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ShadowTalk Update – 07.30.2018

July 30, 2018
ShadowTalk Update – 07.30.2018

Richard Gold and Rose Bernard join Michael Marriott to talked about updates to the Satori botnet, which has expanded to incorporate new IoT devices using TCP port 5555. Amid news of a new wave of OilRig attacks, a Middle Eastern espionage campaign, we dive into PowerShell security risks and provide advice on best practices for those using PowerShell. For more information on PowerShell Security Best Practices, check out our blog https://www.digitalshadows.com/blog-and-research/powershell-security-best-practices/. Finally, we assess the Dragonfly campaign against U.S. power grids, and understand what it all means.

 

 

Dragonfly attributed to further attacks targeting energy sector in Europe and North America

The United States Department of Homeland Security has only recently released details of a 2017 campaign that targeted undisclosed United States energy companies. The campaign was orchestrated by suspected Russian nation-state threat group “Crouching Yeti” (aka Dragonfly). The group’s members allegedly conducted spearphishing and watering hole attacks to steal credentials from third-party suppliers, enabling access to United States utility networks. The details may have been released to strengthen the political credibility of United States intelligence services in the eyes of the public and the media; the release occurred during a period of conflict between the intelligence services and the presidential administration about the severity of the Russian cyber threat.

 

APT-28 parallels attacks on 2016 Presidential elections with attacks on US midterms

Microsoft reported that Russian nation-state linked threat group “APT-28” (aka Fancy Bear) has targeted the United States 2018 mid-term political elections through a phishing campaign against certain undisclosed candidates. The phishing emails were similar to those sent in previous APT-28 campaigns against the Democratic National Committee (DNC) in 2016 prior to the presidential election: both used fake Microsoft domains as command-and-control sites.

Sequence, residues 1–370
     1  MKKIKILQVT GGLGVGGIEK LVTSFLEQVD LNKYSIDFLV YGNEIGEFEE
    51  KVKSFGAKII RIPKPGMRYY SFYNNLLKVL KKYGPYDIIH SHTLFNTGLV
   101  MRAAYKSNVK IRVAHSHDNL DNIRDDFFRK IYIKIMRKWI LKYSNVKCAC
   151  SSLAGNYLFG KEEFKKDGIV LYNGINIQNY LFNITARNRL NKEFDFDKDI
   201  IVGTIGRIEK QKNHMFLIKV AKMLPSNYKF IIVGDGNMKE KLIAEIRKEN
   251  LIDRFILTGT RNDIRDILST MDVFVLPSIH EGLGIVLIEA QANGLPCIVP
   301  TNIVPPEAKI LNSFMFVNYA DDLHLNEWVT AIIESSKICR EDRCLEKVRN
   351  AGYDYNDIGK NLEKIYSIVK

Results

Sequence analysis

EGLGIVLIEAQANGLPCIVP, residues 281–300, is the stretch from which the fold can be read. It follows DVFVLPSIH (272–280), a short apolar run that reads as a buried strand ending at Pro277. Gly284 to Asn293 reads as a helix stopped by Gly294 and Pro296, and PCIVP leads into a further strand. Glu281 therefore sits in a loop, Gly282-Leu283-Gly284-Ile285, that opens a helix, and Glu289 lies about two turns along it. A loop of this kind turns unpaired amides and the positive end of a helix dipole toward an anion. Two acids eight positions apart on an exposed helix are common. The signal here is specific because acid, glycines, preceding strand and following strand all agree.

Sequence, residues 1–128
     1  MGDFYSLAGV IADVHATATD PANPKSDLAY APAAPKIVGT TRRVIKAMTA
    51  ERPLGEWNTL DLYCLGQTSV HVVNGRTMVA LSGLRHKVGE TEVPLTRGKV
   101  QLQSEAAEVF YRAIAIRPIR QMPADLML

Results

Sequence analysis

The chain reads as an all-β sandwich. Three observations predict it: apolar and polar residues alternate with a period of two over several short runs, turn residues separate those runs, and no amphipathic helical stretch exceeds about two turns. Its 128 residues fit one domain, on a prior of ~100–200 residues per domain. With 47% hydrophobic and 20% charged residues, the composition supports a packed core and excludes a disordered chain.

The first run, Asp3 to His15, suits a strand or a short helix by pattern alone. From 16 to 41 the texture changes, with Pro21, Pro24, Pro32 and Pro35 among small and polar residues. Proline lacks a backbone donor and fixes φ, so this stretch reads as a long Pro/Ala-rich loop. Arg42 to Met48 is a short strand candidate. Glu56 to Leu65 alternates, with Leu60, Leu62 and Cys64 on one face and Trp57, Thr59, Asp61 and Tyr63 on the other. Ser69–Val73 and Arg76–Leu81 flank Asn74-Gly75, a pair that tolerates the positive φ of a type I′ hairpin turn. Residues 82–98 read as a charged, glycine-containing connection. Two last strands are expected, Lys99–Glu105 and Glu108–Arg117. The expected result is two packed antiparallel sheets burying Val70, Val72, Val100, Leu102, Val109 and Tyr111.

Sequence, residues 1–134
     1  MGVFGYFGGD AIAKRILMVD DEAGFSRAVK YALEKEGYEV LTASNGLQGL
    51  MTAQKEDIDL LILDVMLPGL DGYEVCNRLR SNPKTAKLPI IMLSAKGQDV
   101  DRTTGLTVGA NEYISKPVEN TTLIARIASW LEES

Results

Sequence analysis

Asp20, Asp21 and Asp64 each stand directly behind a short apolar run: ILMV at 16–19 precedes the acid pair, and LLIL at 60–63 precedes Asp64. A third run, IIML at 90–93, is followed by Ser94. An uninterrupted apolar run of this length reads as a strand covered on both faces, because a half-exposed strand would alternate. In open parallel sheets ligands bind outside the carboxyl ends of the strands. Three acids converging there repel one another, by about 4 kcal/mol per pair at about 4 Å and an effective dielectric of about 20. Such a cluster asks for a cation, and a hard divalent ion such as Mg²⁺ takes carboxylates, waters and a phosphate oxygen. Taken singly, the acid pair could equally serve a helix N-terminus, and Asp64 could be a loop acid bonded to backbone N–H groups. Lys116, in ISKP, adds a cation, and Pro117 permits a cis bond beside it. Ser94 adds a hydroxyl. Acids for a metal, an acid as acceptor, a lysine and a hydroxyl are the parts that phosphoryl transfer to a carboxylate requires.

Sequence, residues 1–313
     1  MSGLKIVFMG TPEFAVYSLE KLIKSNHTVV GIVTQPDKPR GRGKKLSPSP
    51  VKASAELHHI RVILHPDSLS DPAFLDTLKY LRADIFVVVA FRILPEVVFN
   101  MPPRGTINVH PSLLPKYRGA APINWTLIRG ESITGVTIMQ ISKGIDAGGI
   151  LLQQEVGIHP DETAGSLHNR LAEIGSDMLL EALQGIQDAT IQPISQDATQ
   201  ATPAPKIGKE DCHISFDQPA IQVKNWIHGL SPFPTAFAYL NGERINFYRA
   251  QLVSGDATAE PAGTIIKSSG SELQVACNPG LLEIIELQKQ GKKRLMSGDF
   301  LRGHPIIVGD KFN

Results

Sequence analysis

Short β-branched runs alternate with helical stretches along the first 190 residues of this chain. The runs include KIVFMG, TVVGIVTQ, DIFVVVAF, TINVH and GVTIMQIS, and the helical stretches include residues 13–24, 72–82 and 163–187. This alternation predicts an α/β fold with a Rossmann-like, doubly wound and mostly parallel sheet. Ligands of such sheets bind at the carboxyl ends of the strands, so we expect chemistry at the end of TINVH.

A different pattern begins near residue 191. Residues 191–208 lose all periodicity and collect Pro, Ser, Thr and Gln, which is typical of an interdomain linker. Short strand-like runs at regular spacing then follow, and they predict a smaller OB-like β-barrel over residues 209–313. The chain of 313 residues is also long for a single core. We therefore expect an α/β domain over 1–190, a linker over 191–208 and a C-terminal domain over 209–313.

LabCorp hit by SamSam ransomware infection

LabCorp, one of the largest clinical laboratories in the United States, was subjected to a “SamSam” ransomware attack. Attackers reportedly accessed the laboratory’s network via brute-force cracking password attempts against remote desktop protocol ports exposed to the Internet. The attack infected approximately 7,000 systems and 1,900 servers, but remediation efforts were implemented quickly; no data was reportedly stolen or misused during the incident. SamSam has a lucrative history in use against healthcare entities, as well as government systems in the United States city of Atlanta and the state of Colorado’s Department of Transportation.

 

Attackers steal 1.5 million patient records from Singapore healthcare group

Singapore’s Ministry of Health released a statement detailing the theft of 1.5 million patient records from a healthcare group in that country. Attackers used privileged credentials to access a database, although the original infection vector remains unknown. Attacks on healthcare providers are increasing, as financially motivated threat actors seek information that is easily monetized on the dark Web; patient details can be re-sold and used for other fraudulent activities, or to tailor spearphishing campaigns.